Paul, stop making excuses for Trump pursuit of Moscow hotel

Sen. Rand Paul said nothing was wrong with Donald Trump pursuit of a hotel project in Moscow while running for president.
Sen. Rand Paul said nothing was wrong with Donald Trump pursuit of a hotel project in Moscow while running for president. Associated Press

Nothing’s wrong with Donald Trump pursuing a hotel deal in Moscow while running for president, Sen. Rand Paul said on "Meet the Press" this past weekend.

"Now, if you are asking and saying, ‘I will give you something in exchange for letting us build a hotel,’ that would be wrong. But I haven’t heard any evidence of that," Paul said as part of his argument about overreaching prosecutors. "Just trying to build a hotel somewhere, I can’t image how that would be criminal."

It may not be criminal, but Trump’s actions were, at the least, disrespectful to voters and dangerous for this country.

Before we get more convictions of and plea deals for shady Trump associates, it’s worth taking a look at this hotel project and what it says about the man known as "Individual 1" in court filings about campaign-finance violations to hide payoffs to his mistresses.

It’s well documented that Trump had wanted to build a project in Moscow since the late 1980s, with several efforts falling through. Suddenly, when running for the highest office in this country, he gets some encouragement from top officials in the Kremlin.

So, Trump begins negotiation with a country that our intelligence agencies had already exposed as having actively sought to undermine our democracy and get him elected. The hotel deal reportedly including a free $50-million penthouse for Russian president Vladimir Putin.

Meanwhile, Trump went out of his way to lie about having any business interests there or even any interest in doing business there.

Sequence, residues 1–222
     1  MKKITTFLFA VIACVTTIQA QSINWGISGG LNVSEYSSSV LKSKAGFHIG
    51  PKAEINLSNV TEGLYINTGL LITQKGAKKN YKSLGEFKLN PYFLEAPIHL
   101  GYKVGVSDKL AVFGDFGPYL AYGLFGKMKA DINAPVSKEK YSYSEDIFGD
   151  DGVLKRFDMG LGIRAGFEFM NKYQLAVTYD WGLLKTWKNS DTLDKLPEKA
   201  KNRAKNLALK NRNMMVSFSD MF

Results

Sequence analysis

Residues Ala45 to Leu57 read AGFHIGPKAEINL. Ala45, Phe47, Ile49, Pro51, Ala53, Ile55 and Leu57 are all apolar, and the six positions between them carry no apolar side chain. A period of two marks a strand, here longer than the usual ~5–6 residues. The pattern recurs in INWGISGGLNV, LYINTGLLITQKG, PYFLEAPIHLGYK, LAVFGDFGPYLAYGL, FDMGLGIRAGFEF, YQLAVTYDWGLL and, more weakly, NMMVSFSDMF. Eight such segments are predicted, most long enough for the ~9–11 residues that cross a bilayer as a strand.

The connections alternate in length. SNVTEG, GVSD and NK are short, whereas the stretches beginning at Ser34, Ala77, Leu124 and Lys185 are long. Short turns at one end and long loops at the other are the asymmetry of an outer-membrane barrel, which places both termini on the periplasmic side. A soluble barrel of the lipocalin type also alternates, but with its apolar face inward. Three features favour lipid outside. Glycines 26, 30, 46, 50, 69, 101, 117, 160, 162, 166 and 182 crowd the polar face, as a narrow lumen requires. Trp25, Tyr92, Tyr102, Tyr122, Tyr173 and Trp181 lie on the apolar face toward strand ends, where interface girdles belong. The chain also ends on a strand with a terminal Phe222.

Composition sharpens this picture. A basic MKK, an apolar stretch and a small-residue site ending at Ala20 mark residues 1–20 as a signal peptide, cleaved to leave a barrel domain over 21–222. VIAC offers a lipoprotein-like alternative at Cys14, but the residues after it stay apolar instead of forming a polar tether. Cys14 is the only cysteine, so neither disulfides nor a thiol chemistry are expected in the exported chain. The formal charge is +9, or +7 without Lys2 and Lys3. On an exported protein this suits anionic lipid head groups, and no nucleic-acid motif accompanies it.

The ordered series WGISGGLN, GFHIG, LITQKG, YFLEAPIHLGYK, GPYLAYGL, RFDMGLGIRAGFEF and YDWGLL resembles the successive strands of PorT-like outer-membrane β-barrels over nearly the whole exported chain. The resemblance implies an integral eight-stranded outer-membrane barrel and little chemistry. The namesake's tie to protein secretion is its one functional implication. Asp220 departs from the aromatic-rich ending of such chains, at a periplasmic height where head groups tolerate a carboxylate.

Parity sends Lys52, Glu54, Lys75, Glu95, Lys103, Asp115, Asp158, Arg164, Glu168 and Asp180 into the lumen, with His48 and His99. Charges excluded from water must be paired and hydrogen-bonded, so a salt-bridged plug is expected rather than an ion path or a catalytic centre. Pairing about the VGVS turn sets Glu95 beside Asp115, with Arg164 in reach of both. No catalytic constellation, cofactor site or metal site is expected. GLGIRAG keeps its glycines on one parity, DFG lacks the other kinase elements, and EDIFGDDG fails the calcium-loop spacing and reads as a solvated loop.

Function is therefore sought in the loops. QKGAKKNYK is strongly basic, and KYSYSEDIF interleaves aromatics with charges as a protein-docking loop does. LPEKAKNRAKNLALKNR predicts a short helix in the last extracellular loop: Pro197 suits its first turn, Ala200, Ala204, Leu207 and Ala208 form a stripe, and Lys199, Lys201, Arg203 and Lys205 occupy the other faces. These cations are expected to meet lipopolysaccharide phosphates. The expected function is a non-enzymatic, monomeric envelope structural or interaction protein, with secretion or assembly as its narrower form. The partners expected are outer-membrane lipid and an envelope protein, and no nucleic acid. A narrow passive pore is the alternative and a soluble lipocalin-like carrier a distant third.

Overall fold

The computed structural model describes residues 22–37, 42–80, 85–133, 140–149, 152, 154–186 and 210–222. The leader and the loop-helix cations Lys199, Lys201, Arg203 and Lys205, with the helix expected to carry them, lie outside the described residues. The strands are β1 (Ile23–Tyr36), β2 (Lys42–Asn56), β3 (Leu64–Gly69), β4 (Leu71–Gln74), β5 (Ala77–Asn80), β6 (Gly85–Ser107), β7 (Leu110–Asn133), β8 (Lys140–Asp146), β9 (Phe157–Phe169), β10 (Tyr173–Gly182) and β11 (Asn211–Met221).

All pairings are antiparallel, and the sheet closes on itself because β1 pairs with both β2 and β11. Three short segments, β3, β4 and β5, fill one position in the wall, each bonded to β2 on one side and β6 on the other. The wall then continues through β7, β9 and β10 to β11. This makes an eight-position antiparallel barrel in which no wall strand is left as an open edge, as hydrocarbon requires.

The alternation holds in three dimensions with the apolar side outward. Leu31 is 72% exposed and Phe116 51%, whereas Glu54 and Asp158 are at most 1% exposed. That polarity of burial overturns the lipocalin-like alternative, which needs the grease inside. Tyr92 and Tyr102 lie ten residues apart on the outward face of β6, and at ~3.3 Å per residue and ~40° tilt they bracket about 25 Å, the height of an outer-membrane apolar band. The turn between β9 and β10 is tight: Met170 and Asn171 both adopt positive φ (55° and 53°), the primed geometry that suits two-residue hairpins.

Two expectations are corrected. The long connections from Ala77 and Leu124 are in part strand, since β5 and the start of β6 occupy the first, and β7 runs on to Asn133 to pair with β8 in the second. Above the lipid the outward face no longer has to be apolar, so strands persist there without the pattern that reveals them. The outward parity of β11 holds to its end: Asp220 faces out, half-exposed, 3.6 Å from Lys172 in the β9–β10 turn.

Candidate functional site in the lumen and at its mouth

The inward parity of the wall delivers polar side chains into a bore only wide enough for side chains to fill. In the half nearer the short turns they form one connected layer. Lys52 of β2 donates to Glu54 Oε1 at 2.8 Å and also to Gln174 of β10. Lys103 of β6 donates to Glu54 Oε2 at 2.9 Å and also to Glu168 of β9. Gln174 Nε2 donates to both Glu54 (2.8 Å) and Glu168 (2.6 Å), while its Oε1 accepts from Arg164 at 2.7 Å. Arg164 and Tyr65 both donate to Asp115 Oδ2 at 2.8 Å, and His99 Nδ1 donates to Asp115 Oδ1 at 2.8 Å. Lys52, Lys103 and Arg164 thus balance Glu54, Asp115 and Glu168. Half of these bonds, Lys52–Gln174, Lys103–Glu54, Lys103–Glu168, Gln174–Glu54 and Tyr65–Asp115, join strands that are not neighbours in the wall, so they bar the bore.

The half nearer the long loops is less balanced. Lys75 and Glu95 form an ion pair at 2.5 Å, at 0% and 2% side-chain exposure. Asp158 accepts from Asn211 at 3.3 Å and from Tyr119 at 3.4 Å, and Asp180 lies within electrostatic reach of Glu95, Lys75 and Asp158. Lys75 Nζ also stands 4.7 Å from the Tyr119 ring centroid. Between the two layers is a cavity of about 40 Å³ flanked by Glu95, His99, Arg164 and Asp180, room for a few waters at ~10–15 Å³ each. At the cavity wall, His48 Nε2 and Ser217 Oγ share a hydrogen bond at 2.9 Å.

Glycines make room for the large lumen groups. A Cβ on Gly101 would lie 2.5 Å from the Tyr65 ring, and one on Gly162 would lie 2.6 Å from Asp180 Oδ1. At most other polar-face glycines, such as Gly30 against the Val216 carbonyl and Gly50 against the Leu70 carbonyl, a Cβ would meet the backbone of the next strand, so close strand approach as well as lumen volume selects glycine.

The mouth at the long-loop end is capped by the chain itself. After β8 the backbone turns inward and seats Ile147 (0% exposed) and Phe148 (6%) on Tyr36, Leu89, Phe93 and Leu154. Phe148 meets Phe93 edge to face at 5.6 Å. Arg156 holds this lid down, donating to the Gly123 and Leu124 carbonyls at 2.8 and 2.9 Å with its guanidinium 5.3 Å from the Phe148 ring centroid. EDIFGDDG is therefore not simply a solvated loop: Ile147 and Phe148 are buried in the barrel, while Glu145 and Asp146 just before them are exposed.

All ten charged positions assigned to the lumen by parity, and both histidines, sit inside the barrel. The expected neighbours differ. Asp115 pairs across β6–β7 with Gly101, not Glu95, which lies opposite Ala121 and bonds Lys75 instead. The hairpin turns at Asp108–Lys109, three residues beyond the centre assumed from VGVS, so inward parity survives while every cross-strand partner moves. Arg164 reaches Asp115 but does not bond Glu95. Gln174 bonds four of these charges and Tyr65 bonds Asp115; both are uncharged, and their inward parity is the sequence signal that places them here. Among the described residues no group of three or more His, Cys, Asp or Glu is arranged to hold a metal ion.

He lied about it at his political rallies. He lied about it at press conferences. He lied about it in sit-down interviews. He lied about it in tweet after tweet.

And the more he lied, the more he compromised himself to Putin, who could expose him at any time. In that situation, Trump’s only easiest response was deference, which made not just him but America look weak.

The Moscow deal died, reportedly because of the realities of running for president. But for the Russians, it had already served its purpose.

The ongoing investigation into Russian interference in our elections likely will continue to uncover more serious criminal violations by Trump associates and possibly even family members.

But Trump’s handling of the hotel deal ought to be against the law, because it shows so clearly that his desire for personal wealth was more important than principled leadership of this country.

What he was willing to give up was America’s standing in the world and our foreign policy stance against Russian aggression.

And Paul — who gets outraged so often over so many things — should not try to excuse this fraud, just so he can attack the prosecutors who exposed it.